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Unheimlich Heimlich, Simone Scholten 2015

 

Excerpt from:

UNHEIMLICH HEIMLICH, Simone Scholten, 2014

 

`Now! Now!' cried the Queen. `Faster! Faster!' And they went so fast that at last they seemed to skim through the air, hardly touching the ground with their feet, till suddenly, just as Alice was getting quite exhausted, they stopped, and she found herself sitting on the ground, breathless and giddy . . . Alice looked round her in great surprise. `Why, I do believe we've been under this tree the whole time! Everything's just as it was!' `Of course it is,' said the Queen, ‘. . . here, you see, it takes all the running you can do, to keep in the same place. If you want to get somewhere else, you must run at least twice as fast as that!'

Lewis Carroll, Alice Through the Looking Glass (1871)


Running to Stand Still – Stefan Kürten has chosen this paradoxical phrase as the title for the companion publication to his exhibition at the Galerie der Stadt Backnang, which provides a comprehensive look at his work in recent years. At the same time it is also the title of his latest large painting. Made popular around the world in the late nineteen-eighties in a ballad by the Irish band U2, the song of the same name deals with the dreary situation faced by inhabitants of the faceless high-rise blocks known as the Seven Towers in Dublin—the precarious reality of a life determined by poverty and drugs. The eponymous phrase, however, originally comes from Lewis Carroll’s successful children’s novel, Alice Through the Looking Glass.

When, on a chilly November day, young Alice’s eye falls on the mirror hanging over the living room mantelpiece, the girl begins to wonder what the world behind it might look like. As she approaches the reflective surface, she realizes that she can actually go through the glass, and she finds herself in a mirror-image version of her own house; the furnishings in it, though, have come to life. After exploring the house she winds up in the garden of talking flowers, which is laid out like a huge chessboard. There, she meets the Red Queen, who wants to introduce the girl to the rules of the game. After making a few moves, the queen grabs her hand and begins to run at a breathtaking speed, although she never actually moves from the same spot. When Alice remarks that all of that effort is not worth it, if you never arrive anywhere, the queen merely replies disdainfully that Alice must come from a very slow country. In Looking-Glass land, on the other hand, one has to make an effort and run twice as fast in order to get somewhere else.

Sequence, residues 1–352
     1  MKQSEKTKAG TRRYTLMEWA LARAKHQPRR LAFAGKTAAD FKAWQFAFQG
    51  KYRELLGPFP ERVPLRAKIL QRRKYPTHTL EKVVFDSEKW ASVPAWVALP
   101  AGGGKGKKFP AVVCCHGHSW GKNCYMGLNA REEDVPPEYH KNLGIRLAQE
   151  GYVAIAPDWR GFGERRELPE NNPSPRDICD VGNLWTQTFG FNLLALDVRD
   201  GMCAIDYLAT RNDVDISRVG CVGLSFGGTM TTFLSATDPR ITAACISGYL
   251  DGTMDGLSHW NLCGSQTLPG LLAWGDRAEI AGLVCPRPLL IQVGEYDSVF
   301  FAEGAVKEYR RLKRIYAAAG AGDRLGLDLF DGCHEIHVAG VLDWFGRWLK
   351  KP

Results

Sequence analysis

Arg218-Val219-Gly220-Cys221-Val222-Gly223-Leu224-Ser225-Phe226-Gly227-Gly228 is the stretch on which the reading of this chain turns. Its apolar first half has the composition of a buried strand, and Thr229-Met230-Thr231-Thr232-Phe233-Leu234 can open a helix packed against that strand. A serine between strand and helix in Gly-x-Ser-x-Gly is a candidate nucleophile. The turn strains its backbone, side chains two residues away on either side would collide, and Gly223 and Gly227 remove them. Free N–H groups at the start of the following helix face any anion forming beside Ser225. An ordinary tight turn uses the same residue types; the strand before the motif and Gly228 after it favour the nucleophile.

In this episode, Lewis Carroll seems to anticipate the reality of life in the modern city, with its constant commands to go “higher, faster, farther!”It does no good to increase the tempo when running on a hamster wheel, since one will never get anywhere, anyway; rather, on the contrary, as the speed increases, one is forced to permanently maintain the pace so as not to lose one’s footing. In the same way, people seem to be constantly hurrying to catch up with their own expectations, as well as others’ expectations of them. For quite a while this fundamental feeling has not been limited simply to professional life, but has long since colored people’s personal lives. It especially leaves its mark on the domestic sphere by turning the home into a symbol for personal hopes and dreams.